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The Velvet Underground – Peel Slowly and See

21 12 2010

Listened: Tuesday December 8, Wednesday December 9

I remember my mom buying me Peel Slowly and See upon request at Vinyl Solution as a birthday gift. I was turning 17.

Why did a teenager in 1996 want a VU box set? I had known of the band for several years, due to voracious Rolling Stone consumption. But it was chance that allowed me to love them. My friend Audrey’s older sister had abandoned a cassette of VU and Nico when she went off to college. I found it and asked if I could borrow it, since I knew it was supposed to be good. I remember driving away from her house in my Jetta as the first notes of Sunday Morning bleeped out of the speakers. The love affair happened quickly; I was immediately taken with it and it didn’t leave my car for a long time.

As with the Joy Division box I reviewed earlier, listening to 5 discs of VU madness for the purposes of the project is actually quite a haul. The first disc of demos is a slog. It’s interesting to hear the progression of a song’s development, but I think these days box set editors would have had their way with it and wouldn’t have filled a whole disc.

I would say I’ve listened to VU & Nico the most; it’s an amazing album. The sense of chaos and drama is presented so beautifully. Lou Reed is not a great singer, and Nico is an acquired taste, but it works. All Tomorrow’s Parties, I’ll Be Your Mirror, and Heroin are my favorite tracks. The live bonus track Melody Laughter is also pretty amazing. A cacophony of noise eventually evolves into a full fledged song. The patience it takes to do that over the course of 10 minutes is underrated.

I’ve spent some time with White Light/White Heat as well. The Gift and Lady Godiva’s Operation are interesting experiments in context, and I do listen to them when they come on, but I don’t think they’ve held up all that well. The really explosive and impressive track has to be Sister Ray, though. I was reminded to go back and enjoy it a couple years ago when I saw Brick in the theater. I loved the film, and then when the movie ended with a bang rather than a fade-out, the next sound I heard as the credits started to roll was Sister Ray. It was brilliantly used in the context of the movie, and is excellent for the credit roll since it’s so long. The funny thing is that I never feel like it’s too long, even though it’s an astounding 17 minutes. I just let it wash over me and sing along.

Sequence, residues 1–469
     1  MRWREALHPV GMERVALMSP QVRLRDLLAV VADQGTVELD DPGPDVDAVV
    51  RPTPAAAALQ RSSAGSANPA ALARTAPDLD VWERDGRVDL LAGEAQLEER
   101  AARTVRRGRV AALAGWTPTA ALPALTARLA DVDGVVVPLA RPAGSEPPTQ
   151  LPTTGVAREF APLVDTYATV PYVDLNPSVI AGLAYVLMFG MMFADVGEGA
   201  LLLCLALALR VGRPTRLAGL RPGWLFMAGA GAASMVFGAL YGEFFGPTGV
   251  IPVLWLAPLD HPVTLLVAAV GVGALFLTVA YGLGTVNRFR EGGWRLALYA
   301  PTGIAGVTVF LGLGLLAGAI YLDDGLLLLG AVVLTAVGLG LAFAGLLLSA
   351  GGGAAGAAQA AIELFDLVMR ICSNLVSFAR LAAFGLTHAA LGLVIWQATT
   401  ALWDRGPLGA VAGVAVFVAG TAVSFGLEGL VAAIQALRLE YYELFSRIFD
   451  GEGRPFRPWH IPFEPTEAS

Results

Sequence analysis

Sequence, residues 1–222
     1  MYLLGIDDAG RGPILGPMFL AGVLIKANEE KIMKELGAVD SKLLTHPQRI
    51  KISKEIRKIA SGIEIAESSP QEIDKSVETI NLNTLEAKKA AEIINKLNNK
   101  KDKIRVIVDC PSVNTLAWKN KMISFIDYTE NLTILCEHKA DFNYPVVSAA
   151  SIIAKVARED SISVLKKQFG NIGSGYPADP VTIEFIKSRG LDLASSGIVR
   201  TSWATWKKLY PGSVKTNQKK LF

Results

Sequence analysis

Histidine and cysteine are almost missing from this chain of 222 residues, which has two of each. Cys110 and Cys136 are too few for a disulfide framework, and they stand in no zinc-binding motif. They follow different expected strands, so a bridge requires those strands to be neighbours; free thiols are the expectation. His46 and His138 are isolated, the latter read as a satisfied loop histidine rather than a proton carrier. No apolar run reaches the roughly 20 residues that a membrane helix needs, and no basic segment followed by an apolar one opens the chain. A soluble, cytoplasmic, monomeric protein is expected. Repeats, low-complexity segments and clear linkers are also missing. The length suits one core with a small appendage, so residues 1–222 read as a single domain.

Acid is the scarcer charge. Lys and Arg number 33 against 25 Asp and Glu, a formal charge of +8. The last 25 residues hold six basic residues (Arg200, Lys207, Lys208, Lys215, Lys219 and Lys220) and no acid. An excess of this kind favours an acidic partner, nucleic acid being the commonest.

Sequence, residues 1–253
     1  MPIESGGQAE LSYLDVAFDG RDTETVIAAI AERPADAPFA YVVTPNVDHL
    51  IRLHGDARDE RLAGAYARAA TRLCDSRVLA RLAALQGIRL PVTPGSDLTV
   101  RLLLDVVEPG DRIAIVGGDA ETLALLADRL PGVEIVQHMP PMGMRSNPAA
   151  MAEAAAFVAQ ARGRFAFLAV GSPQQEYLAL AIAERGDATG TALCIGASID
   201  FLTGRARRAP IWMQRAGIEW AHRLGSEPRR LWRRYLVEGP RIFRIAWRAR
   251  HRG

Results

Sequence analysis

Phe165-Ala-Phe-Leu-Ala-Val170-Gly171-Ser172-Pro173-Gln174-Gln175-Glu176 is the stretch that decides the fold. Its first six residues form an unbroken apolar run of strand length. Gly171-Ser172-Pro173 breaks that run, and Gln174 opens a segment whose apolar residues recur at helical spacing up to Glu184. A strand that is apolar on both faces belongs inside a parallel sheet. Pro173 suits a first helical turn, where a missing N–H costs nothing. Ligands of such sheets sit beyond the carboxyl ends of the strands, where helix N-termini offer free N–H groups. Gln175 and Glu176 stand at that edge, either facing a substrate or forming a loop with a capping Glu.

More recently, I’ve often listened to their third album, The Velvet Underground. Except for the odd experiment The Murder Mystery, this album is very poppy, accessible, and almost gospel in nature (See I’m Set Free, Jesus, Beginning To See The Light). I love Some Kinda Love, Pale Blue Eyes, and Foggy Notion as well. I can forget I’m listening to the Velvet Underground sometimes.

Speaking of poppy, their fourth album Loaded betrays its 1970 birth. It sounds very 60s to me, with all the ba-bas and such. I haven’t listened to it as much as I should have.

Needless to say, I’m really glad I found that abandoned tape that day. It changed my musical life for the better.

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Underworld – Pearl’s Girl

9 12 2010

Listened: Wednesday November 10

What more can I say about Underworld? Pearl’s Girl gives me bang for my single-purchasing buck – tons of different music and mixes to keep me grooving to my heart’s content!





Gorky’s Zygotic Mynci – Patio

6 12 2010

Listened: Wednesday November 10

Patio is the sound of a very young band rocking out in a garage (I would guess several of the members of the band were something like 15-17 here). As such, it’s not super listenable a whole, though it has its moments. Patio is an album I collected just to be a collector – I doubt there are very many copies extant in the United States.

The most hilarious part is at the end of Sally Webster when someone’s dad is captured on tape exasperatedly telling the youngsters this is their “last warning” and “I’m very serious” about their volume level. From his voice, I sort of imagine a parent who was once illicitly rocking out in his own garage.